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Gumgo

Frame rate timing

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I have a few questions about how to do frame rate timing in games.

I have two threads, a main logic thread and a graphics thread (I realize that task based systems are more scalable and better overall but if I keep scrapping what I have I'll never get anywhere). Essentially the way it works is the main logic thread updates objects, then sends these updates to the graphics thread in a queue. I want the logic thread to run at a fixed rate and the graphics thread to run "adaptively". Since I'm not doing interpolation, 60fps for the logic would be ideal.

Here is some pseudocode for my logic game loop:
[code]
baseTime = GET_TIME();
lagTime = 0;
FRAME_TIME_MS = (1000 / 60);
MAX_LAG_MS = 500;

frames = 0;

while (!done) {
frameTime = baseTime + lagTime + frames * FRAME_TIME_MS;
targetTime = frameTime + FRAME_TIME_MS;

RCV_GRAPHICS_THREAD_MESSAGES();
if (no graphics messages have been received for, say, 15 updates) {
// pause so the graphics update queue doesn't keep building up
WAIT( ... );
continue;
}

// run the logic
// send relevant updates to graphics thread
// push frame commit
SEND_RENDER_MSG_TO_GRAPHICS_THREAD(frameTime);

// get the time at the end of the frame
actualTime = GET_TIME();
if (actualTime < targetTime)
// go idle if we have extra time
WAIT( targetTime - actualTime );
else if (actualTime - targetTime > MAX_LAG_MS)
// if we've lagged too long, add to our allowed lag time so we don't keep building up
lagTime += actualTime - (targetTime + MAX_LAG_MS);
++frames;
}
[/code]
And graphics:
[code]
FRAME_PADDING = 50

while (!done) {
RCV_MAIN_THREAD_MESSAGES();
while (more messages) {
process message
if (msg == RENDER) {
if (GET_TIME() > msg.frameTime - FRAME_PADDING)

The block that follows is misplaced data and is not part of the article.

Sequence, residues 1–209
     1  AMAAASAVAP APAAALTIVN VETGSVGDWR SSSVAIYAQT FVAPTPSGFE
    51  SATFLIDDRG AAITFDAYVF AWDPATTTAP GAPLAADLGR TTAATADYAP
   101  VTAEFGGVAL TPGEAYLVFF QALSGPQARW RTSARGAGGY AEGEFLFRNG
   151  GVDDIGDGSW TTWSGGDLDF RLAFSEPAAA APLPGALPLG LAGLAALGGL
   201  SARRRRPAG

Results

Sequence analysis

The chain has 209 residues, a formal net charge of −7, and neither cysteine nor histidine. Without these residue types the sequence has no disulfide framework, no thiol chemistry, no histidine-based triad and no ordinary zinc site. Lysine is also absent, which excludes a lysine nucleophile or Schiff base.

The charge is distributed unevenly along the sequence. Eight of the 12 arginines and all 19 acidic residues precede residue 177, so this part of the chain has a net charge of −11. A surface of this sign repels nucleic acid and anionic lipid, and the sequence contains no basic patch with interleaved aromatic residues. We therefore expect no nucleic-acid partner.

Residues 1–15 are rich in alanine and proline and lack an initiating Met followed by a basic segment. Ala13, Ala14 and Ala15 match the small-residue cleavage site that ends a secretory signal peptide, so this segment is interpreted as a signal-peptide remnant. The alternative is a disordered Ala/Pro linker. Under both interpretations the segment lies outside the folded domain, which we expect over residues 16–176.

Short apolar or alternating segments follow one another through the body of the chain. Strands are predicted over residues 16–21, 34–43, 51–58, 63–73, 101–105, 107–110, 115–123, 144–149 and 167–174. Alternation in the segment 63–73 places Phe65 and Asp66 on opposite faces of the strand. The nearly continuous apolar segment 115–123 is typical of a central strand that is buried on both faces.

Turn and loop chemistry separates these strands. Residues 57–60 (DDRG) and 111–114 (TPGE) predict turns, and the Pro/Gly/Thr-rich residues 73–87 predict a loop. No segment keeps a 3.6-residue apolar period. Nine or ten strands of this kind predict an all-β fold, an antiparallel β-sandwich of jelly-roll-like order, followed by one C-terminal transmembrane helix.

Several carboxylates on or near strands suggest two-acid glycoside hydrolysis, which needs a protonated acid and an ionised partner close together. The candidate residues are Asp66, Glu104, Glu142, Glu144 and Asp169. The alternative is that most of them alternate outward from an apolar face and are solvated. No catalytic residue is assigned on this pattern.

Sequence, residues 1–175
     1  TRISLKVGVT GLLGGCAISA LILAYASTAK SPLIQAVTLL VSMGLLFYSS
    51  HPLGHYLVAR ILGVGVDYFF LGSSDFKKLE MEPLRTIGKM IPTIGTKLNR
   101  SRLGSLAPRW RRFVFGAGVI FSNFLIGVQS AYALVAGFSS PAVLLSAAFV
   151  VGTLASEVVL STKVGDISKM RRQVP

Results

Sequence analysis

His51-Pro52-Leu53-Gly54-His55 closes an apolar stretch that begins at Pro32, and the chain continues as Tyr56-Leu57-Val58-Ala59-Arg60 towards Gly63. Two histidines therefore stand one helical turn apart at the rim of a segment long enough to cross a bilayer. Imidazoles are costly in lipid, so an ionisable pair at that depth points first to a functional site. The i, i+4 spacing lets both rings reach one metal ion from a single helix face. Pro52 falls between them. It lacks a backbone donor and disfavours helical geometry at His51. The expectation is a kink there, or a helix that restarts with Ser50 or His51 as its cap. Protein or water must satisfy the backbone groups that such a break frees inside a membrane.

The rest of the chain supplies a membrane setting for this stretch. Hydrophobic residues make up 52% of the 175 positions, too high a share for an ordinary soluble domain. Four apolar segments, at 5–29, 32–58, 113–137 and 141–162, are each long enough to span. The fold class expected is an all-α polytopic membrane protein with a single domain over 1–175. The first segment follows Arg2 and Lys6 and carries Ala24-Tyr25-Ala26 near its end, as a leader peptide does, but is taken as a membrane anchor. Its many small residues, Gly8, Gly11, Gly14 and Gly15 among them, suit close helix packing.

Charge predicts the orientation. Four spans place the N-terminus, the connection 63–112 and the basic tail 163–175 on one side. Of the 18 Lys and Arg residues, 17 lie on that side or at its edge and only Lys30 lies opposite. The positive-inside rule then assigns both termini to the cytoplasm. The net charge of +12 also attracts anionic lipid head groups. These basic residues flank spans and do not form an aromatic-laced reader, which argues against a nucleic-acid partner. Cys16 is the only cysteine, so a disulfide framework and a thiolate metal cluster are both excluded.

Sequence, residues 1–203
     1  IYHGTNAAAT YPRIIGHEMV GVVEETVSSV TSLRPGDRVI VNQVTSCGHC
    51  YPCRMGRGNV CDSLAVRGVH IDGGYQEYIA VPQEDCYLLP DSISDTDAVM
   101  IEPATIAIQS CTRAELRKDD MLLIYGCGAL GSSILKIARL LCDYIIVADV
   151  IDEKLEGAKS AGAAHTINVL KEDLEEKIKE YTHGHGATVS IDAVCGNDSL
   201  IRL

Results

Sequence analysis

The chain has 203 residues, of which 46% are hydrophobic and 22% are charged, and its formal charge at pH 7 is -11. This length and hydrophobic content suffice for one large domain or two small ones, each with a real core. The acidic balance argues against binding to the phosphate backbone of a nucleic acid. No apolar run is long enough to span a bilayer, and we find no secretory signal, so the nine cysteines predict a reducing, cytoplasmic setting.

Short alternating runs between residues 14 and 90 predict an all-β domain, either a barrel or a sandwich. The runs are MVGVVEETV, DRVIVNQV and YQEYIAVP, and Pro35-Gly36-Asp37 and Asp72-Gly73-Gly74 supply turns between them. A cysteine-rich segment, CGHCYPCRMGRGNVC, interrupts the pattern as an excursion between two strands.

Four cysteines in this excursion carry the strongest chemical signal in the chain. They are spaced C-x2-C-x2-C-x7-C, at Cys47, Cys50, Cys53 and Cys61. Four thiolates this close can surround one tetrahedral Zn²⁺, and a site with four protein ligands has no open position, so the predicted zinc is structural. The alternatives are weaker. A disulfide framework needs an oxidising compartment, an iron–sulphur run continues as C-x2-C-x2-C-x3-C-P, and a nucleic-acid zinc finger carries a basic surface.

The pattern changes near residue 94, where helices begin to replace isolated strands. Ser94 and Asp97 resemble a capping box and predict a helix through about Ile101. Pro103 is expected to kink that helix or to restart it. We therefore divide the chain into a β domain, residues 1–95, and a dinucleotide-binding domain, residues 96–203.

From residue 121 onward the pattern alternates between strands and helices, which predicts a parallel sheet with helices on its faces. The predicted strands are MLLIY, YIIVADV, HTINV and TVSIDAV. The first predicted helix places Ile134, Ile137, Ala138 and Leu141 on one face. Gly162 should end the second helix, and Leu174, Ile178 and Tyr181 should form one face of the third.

// only render if we're "caught up"; otherwise, drop the frame (means we fell behind, hence low FPS)
render();
// alert the main thread that the previous frame has been processed
// if the main thread doesn't receive these alerts, it should temporarily freeze so that updates don't build up
SEND_MSG_TO_MAIN_THREAD();
}
}
}
[/code]

You'll notice that I'm basing frame timings off of a base (game start) time instead of the previous frame. This seems like it would be more accurate when trying to synchronize things such as audio for example, since the nth frame timing will always be n*FRAME_TIME_MS into the game and does not depend on the frames that came before. If the game freezes, however, this would be an issue, which is why I introduced lagTime, which adjusts the base time frames are calculated from if the game pauses for too long.

Anyway, my here are my questions:
0) Do you see any problems with this approach? :)

1) What is the best timer to use for the purpose of frame rate timing? I'm running Windows.

2) Obviously since 60fps is 16.6666666666666... ms, I can't represent it exactly, so FRAME_TIME_MS won't be quite right for 60fps. Is this worth worrying about? If so, how is it generally solved?

3) Right now I have WAIT( ... ) in place of a pause when I have extra time left over. What should I use for this? Sleep( ms ) won't work as it's not accurate enough. I could use "spinlock", but that would mean my logic thread is ALWAYS using 100% CPU, and I've seen games that don't seem to do this.

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1) AFAIK, the performance timer (QueryPerformanceTimer/Frequency).
2) Don't limit yourself to integer millisecond amounts. I used doubles for time.
3) You can use a spinlock with Sleep(0). Sleep(0) only gives up the rest of your time-slice, instead of waiting for a certain number of ms, which keeps it fairly accurate, but still gives the OS enough time so you don't 100% thrash the CPU.

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Thanks, I will give your suggestions a try!
One more thing concerning 1... I've read about QueryPerformanceTimer having some problems, especially on multicore and systems that use Cool'n'Quiet, such as sometimes counting "backwards". Is this an issue I should be concerned about?

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[quote name='Gumgo' timestamp='1302723920' post='4798101']
Thanks, I will give your suggestions a try!
One more thing concerning 1... I've read about QueryPerformanceTimer having some problems, especially on multicore and systems that use Cool'n'Quiet, such as sometimes counting "backwards". Is this an issue I should be concerned about?
[/quote]

I've never experienced any problems and I've no idea how much this happens. However, you can set up a control timer to detect sudden jumps in the timer using a lower resolution but more secure timer like GetTickCount (I'm assuming it is, because that's what I do :P).

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